Kids Roping Saddle

Kids Roping Saddle - Dad N' Lad
Kids Roping Saddle - Dad N' Lad
Item# ACT-29110235
Size:  Matching Breastcollar:  Matching Headstall:  Add Reins:  Add Cinch:  Shipping: 
Availability: Usually ships the next business day
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Kids Roping Saddle

  • Tree: Ralide "Buckaroo Roper"
  • Seat: 13(22707) slick seat
  • Cantle: 4 Highback; rawhide binder
  • Horn: 3 DaIly horn; rawhide wrap
  • Rigging: "Powder River" plate style rigging; stainless steel C ring suspended from leather rig
  • Stirrups: 3" deep roper style
  • Finish: Rich Natural Gold; hand stamped Basket tooling; long latigo strings
  • Weight: 38 lbs

    The Buckaroo presents a truly unique combination of saddles for Dad n" Lad with your choice of 15" 1/2" or 13 1/2" seats. Genuine, "Old West" styling and craftsmanship have gone into these traditional saddles. Designed to be comfortable and durable for work or play, the seat is deep and secure - "the way they used to make 'em". Features included traditional, hand stamped Basket tooling, Highback cantle with Rawhide binder, Powder-River plate rigging and Rawhide wrapped Daily horn. Quality crafted in the USA by Saddlesmith.

    Kids Roping Saddles

    For those unfamiliar with team-roping, the following is a description taken from the Professional Rodeo Cowboy Association website:

    Team Roping, the only true team event in rodeo, requires close cooperation and timing between two highly skilled ropers a header and a heeler and their horses. The event originated on ranches when cowboys needed to treat or brand large steers and the task proved too difficult for one man.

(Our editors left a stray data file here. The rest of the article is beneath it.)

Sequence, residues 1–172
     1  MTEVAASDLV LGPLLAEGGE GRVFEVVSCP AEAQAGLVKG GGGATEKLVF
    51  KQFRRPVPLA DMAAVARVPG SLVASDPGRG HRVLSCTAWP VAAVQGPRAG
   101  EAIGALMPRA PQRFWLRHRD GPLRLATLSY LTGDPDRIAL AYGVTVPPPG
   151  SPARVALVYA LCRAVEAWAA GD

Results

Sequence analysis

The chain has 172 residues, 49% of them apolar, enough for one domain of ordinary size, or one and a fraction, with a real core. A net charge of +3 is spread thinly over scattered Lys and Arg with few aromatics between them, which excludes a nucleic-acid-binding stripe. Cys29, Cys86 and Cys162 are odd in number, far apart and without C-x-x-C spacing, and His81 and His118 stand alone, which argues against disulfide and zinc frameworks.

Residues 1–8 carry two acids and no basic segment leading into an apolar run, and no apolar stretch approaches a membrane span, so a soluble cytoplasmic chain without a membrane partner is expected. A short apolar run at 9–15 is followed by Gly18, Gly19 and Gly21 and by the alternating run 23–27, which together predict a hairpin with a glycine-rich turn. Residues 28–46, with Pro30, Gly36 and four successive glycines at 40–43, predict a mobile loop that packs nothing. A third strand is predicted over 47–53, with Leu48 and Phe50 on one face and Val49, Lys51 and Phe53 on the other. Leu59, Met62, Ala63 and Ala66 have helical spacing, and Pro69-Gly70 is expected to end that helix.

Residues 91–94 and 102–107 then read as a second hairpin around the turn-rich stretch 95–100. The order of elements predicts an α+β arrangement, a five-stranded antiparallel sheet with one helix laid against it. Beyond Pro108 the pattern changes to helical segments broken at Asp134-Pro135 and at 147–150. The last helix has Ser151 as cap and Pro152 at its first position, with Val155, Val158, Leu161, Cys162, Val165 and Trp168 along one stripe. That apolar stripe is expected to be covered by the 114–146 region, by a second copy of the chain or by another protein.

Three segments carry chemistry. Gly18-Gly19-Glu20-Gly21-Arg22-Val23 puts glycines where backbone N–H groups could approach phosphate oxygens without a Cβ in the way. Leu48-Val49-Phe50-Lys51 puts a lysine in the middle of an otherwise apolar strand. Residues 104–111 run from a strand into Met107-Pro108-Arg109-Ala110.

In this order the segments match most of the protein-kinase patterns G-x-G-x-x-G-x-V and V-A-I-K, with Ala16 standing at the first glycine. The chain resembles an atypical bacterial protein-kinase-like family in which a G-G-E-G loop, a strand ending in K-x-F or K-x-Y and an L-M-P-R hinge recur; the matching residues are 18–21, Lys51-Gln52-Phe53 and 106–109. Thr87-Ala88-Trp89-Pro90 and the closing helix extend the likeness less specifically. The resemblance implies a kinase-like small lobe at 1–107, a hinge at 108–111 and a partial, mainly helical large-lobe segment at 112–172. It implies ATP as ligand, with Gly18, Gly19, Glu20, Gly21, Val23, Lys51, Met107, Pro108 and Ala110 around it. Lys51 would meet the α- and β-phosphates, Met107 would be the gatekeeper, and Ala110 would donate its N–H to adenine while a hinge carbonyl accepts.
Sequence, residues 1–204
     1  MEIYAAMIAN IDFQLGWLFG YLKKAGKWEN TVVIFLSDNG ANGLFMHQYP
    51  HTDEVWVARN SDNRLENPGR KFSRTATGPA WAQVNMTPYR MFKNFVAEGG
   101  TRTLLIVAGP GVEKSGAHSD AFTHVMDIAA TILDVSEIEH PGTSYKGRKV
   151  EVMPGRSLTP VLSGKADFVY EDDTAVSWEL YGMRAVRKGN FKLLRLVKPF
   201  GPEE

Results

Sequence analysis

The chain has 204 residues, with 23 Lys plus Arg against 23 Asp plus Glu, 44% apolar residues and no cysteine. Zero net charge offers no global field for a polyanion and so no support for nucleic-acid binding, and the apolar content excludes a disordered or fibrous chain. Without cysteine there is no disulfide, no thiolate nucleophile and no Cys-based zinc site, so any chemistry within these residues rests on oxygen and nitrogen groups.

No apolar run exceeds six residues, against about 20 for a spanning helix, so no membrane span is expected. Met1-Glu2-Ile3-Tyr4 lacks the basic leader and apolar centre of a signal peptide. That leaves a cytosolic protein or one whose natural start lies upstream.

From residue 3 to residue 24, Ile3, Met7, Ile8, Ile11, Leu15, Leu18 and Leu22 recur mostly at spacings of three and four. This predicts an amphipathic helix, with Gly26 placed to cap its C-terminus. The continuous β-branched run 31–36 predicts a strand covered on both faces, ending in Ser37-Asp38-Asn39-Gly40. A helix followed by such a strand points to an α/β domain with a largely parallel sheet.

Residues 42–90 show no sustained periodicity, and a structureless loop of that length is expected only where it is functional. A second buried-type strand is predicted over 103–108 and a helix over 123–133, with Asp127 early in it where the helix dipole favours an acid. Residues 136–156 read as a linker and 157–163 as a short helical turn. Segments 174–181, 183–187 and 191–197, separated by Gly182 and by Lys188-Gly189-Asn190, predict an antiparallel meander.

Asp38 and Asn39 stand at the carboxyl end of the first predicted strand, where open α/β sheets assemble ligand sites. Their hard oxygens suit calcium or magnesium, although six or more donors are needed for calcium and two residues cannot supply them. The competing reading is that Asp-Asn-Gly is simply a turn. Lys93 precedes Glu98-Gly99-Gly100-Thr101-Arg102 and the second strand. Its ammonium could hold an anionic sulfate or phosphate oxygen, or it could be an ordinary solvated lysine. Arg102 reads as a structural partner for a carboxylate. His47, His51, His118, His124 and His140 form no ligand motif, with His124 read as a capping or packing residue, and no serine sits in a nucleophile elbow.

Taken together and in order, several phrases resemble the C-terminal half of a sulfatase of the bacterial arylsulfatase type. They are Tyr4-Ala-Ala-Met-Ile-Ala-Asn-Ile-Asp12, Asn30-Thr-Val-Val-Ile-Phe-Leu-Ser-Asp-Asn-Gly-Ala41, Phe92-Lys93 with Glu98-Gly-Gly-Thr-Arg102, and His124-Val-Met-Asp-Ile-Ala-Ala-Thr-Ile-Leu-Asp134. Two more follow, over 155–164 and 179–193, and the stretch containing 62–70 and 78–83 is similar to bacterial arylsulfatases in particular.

The key to success? Hard work and endless practice. Team roping partners must perfect their timing, both as a team and with their respective horses.

    Similar to tie down ropers and steer wrestlers, team ropers start from the boxes on each side of the chute from which the steer enters the arena. The steer gets a head start determined by the length of the arena. One end of the breakaway barrier is attached to the steer and stretched across the open end of the header's box. When the steer reaches his advantage point, the barrier is released, and the header takes off in pursuit, with the heeler trailing slightly further behind. The ropers are assessed a 10-second penalty if the header breaks the barrier before the steer completes his head start. Some rodeos use heeler barriers too.

    Ships next day on Kids Roping Saddle

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